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Innovation and its Contestants (Montreal, 18 April 2014); Keynote Speaker: Prof. Keith Moxey (Columbia)
full name / name of organization:
GSA, Department of Art History and Communication Studies, McGill University
INNOVATION AND ITS CONTESTANTS
CALL FOR PROPOSALS
DEPARTMENT OF ART HISTORY AND COMMUNICATION STUDIES
Fifth Annual Graduate Student Conference
18 April 2014
Keynote Speaker: Keith Moxey, Barbara Novak Professor of Art History and Department Chair at Barnard College (Columbia University)
DEADLINE FOR SUBMISSIONS: 24 JANUARY 2014
The concept of innovation buttresses a paradigmatically modern Western belief in the possibility of infinite economic growth and technological progress. It is in fact a buzzword with remarkable contemporary currency, one that is instrumentalized as a constant search for new technologies, means of production, market adaptations, scientific discoveries and social changes. As a fundamental tenet in Western systems of thought, it is also – and has long been – inscribed within the West’s very view of itself as more successful and more ‘progressive’ than other societies. Note, for example, G.W.F. Hegel’s famous juxtaposition of Europe’s ever- changing art against the allegedly stagnant visual culture of India: the first modality accounted for the privileged position of the West as the locus of the emanation of universal Geist; while the latter stipulated an essentially ‘un-progressive’ timelessness in India.
The Western valuation and definition of innovation has thereby been mobilized as a justification for diverse colonial, post-colonial and now neoliberal enterprises. It operates as a smoke screen to preserve dominant power regimes both within the West and globally, concealing simultaneously the biased valuation of cultural production, and the unequal distribution of technological and scientific headway among diverse social strata. This is the case even as the current global financial crisis challenges the West’s ability to regenerate perpetually. In fact, the stakes involved in the Western impetus to innovate seem to intensify even as recent projections of economic acceleration in several non-Western countries rouse fears that the West is losing ground as innovation’s main stimulant.
The innovation paradigm is moreover implicit within the bulk of humanistic academic production. As a case in point, the Greenbergian approach to art history, which dominated much of the twentieth century, revolves indisputably around a teleology of formal innovation. Meanwhile, within a number of current academic discussions – for instance those concerning experimentation and invention in the history of science (Galison); global art history (Elkins); visual culture studies (Moxey); history of ideas (Godin); the philosophy of mondialisation (Nancy); media archaeology (Parikka); technological obsolescence (Kittler); and the aesthetics of failure (Halberstam) – innovation is tacitly treated with caution, if not skepticism.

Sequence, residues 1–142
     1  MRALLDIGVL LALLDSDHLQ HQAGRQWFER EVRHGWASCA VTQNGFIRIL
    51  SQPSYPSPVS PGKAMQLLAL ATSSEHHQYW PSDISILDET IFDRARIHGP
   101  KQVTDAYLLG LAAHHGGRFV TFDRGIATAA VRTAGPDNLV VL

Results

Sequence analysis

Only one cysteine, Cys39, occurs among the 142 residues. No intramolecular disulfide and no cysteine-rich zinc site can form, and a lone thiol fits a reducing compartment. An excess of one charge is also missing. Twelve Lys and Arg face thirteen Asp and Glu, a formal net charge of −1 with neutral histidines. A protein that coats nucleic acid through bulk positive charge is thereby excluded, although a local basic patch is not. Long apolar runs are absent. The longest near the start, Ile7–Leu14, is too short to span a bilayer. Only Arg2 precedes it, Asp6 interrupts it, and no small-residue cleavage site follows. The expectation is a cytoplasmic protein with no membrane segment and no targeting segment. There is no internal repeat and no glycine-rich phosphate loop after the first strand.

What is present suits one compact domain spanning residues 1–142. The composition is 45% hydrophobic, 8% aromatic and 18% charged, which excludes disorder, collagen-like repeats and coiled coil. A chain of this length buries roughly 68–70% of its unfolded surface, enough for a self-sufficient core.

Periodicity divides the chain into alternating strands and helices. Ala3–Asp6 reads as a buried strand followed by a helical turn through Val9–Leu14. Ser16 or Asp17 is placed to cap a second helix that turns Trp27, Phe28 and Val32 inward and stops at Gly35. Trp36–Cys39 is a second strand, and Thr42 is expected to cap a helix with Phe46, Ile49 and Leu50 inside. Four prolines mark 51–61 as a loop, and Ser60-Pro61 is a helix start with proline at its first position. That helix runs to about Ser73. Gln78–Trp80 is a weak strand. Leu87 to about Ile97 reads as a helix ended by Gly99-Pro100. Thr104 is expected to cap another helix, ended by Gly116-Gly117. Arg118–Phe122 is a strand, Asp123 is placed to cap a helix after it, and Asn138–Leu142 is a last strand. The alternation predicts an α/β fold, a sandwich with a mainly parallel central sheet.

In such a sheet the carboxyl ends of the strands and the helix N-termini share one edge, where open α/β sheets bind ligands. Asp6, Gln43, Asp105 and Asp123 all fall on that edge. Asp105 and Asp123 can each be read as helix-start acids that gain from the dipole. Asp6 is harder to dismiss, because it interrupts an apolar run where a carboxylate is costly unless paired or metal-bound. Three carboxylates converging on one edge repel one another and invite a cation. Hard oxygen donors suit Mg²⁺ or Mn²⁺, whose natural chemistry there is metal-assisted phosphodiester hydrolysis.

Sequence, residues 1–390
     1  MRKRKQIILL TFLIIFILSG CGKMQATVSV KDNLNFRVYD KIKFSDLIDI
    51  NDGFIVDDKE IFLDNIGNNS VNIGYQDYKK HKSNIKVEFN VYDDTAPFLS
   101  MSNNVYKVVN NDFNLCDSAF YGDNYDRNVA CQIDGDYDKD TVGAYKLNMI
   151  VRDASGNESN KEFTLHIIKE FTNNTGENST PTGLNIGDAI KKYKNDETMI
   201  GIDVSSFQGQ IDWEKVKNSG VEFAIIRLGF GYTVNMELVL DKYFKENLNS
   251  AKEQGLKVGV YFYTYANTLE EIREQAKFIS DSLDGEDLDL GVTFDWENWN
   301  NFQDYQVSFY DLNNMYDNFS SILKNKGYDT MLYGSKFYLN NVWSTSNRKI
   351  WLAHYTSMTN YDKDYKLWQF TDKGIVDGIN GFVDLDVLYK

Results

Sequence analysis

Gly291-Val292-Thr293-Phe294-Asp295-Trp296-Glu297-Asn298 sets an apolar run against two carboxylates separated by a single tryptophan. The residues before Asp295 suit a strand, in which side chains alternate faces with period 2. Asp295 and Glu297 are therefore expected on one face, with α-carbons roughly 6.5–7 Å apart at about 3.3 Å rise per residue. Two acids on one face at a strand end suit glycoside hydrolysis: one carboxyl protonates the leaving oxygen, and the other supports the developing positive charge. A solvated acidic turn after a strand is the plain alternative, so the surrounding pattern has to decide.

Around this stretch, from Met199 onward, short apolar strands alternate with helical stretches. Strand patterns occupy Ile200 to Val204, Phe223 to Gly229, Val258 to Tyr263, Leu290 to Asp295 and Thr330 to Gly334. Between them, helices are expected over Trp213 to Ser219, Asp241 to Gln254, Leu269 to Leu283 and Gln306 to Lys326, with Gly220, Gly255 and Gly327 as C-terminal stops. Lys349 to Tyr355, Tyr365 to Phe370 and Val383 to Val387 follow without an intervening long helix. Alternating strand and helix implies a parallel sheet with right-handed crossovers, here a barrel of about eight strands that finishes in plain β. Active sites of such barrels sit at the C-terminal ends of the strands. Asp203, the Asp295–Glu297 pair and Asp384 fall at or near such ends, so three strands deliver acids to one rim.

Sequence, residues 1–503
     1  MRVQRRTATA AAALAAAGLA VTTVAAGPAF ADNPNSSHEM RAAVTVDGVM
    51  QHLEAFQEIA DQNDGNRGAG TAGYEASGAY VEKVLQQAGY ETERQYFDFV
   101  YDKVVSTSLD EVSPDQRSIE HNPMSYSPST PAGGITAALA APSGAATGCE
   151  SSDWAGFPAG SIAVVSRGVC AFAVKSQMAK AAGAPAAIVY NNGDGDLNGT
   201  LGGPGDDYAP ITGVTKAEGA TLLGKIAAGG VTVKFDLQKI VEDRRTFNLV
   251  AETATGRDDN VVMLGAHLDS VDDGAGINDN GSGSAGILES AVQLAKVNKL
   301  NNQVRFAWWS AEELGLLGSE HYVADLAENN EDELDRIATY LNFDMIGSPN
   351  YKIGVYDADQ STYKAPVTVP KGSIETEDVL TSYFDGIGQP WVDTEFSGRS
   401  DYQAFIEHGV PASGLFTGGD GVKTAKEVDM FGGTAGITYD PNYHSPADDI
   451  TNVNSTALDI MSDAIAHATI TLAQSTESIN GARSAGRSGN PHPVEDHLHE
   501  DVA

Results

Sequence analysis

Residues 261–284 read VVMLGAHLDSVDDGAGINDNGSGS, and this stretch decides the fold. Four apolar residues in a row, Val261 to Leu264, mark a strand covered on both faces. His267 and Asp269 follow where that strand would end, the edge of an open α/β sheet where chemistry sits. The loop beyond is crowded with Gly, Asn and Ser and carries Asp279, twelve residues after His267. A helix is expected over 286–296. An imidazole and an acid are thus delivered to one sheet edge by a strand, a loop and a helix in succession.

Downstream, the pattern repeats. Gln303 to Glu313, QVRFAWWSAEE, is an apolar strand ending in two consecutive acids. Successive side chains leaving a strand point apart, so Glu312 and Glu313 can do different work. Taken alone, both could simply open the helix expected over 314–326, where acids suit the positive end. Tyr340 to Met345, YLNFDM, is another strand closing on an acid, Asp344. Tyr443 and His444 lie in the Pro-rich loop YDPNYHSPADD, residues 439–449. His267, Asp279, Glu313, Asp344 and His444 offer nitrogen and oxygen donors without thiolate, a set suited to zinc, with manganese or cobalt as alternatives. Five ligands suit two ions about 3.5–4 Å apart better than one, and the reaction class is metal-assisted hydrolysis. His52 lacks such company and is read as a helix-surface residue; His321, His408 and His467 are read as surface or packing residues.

Given this tangle of collusions and complexities, how are we to approach and define innovation in academic discourse? Is the paradigm purely a means of disarming social pressure for an all-inclusive equalized prosperity; or might it be recuperated to provide a stimulus for sustainable growth? Can we understand innovation in a broader global spectrum without falling into the trap of cultural essentialism; or does this concept perpetuate Western-centric views and mores? Can the concept of innovation be used for the analysis of historical periods; or does it figure too easily in teleological narratives?
With these questions in mind, the graduate students of McGill University’s Department of Art History and Communication Studies are opening an enquiry into the concept of innovation. We invite paper proposals addressing a broad range of academic disciplines and historical periods. Papers might address, but are by no means restricted to, the following questions:
• Socio-economic implications of innovation. How do societies and specific agents adapt to new conditions, once their old ways of life have been destroyed?
We welcome proposals for 20-minute presentations. Please send your submission in the form of a 300-word abstract and a brief CV to email@example.com. All candidates will be contacted by the first week of February.